Wednesday, March 11, 2015

The End-of-Semester Effect Fallacy: Some Thoughts on Many Labs 3

The Many Labs enterprise is on a roll. This week, a manuscript reporting Many Labs 3 materialized on the already invaluable Open Science Framework. The manuscript reports a large-scale investigation, involving 20 American and Canadian research teams, into the “end-of-semester effect.”

The lore among researchers is that subjects run at the end of the semester provide useless data. Effects that are found at the beginning of the semester somehow disappear or become smaller at the end. Often this is attributed to the notion that less-motivated/less-intelligent students procrastinate and postpone participation in experiments until the very last moment. Many Labs 3 notes that there is very little empirical evidence pertaining to the end-of-semester effect.

To address this shortcoming in the literature, Many Labs 3 set out to conduct 10 replications of known effects to examine the end-of-semester effect. Each experiment was performed twice by each of the 20 participating teams: once at the beginning of the semester and once at the end of the semester, each time with different subjects, of course.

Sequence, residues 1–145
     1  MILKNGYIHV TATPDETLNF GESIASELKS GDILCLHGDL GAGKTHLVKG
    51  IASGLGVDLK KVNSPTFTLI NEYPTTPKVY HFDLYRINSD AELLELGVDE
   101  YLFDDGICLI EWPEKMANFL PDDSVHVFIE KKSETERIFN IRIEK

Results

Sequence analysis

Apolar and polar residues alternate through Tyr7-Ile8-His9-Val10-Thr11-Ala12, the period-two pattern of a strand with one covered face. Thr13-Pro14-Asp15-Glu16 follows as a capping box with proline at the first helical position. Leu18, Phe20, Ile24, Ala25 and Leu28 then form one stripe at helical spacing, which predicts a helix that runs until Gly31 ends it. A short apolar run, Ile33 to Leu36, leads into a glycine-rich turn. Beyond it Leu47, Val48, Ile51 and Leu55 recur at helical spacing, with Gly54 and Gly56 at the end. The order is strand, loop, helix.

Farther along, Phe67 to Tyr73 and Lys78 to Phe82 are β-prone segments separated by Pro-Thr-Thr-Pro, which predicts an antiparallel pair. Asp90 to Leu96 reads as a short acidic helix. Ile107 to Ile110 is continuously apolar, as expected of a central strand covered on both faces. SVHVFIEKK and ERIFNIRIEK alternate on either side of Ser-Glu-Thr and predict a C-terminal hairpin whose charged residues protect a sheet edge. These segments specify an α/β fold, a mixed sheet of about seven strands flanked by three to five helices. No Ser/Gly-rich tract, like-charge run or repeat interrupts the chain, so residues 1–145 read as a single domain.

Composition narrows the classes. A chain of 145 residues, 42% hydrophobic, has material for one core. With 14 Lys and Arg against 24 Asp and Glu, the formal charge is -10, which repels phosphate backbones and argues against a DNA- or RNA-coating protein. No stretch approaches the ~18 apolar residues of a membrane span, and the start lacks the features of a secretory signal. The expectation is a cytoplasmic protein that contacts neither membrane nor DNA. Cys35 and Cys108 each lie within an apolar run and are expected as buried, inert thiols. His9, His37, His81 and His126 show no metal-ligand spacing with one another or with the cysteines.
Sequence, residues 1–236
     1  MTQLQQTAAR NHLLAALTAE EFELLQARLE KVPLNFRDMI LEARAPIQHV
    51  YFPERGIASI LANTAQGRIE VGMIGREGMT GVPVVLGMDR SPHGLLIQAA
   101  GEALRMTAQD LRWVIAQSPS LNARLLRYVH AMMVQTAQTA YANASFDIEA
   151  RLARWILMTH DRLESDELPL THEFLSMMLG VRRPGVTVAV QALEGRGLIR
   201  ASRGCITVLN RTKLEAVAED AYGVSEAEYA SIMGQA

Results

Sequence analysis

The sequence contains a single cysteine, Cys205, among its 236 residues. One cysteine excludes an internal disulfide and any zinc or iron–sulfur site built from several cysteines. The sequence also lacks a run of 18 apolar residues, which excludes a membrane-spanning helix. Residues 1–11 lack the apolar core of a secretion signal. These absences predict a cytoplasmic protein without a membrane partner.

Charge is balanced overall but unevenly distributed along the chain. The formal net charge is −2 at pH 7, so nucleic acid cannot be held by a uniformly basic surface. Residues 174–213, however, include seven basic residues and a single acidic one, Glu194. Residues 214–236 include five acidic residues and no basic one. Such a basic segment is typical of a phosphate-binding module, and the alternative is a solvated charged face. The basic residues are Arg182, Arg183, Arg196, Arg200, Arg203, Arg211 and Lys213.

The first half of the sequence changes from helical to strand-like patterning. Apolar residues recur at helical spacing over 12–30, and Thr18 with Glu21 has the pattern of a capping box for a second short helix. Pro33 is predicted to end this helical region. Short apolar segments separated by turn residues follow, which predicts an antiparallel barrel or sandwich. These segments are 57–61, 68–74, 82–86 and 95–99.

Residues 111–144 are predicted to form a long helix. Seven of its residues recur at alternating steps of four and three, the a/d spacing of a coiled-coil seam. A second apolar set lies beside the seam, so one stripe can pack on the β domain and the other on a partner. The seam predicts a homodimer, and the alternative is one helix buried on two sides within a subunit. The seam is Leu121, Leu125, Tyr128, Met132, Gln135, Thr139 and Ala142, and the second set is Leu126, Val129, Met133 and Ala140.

It must have been a disappointment to the researchers involved that only 3 of the 10 effects replicated (maybe more about this in a later post) but Many Labs 3 remained undeterred and went ahead to examine the evidence for an end-of-semester effect. Long story short, there was none. Or in the words of the researchers:

It is possible that there are some conditions under which the time of semester impacts observed effects. However, it is unknown whether that impact is ever big enough to be meaningful

This made me wonder about the reasons for expecting an end-of-semester effect in the first place. Isn’t this just a fallacy born out of research practices that most of us now frown upon: running small samples, shelving studies with null effects, and optional stopping?

New projects are usually started at the beginning of a semester. Suppose the first (underpowered) study produces a significant effect. This can have multiple reasons: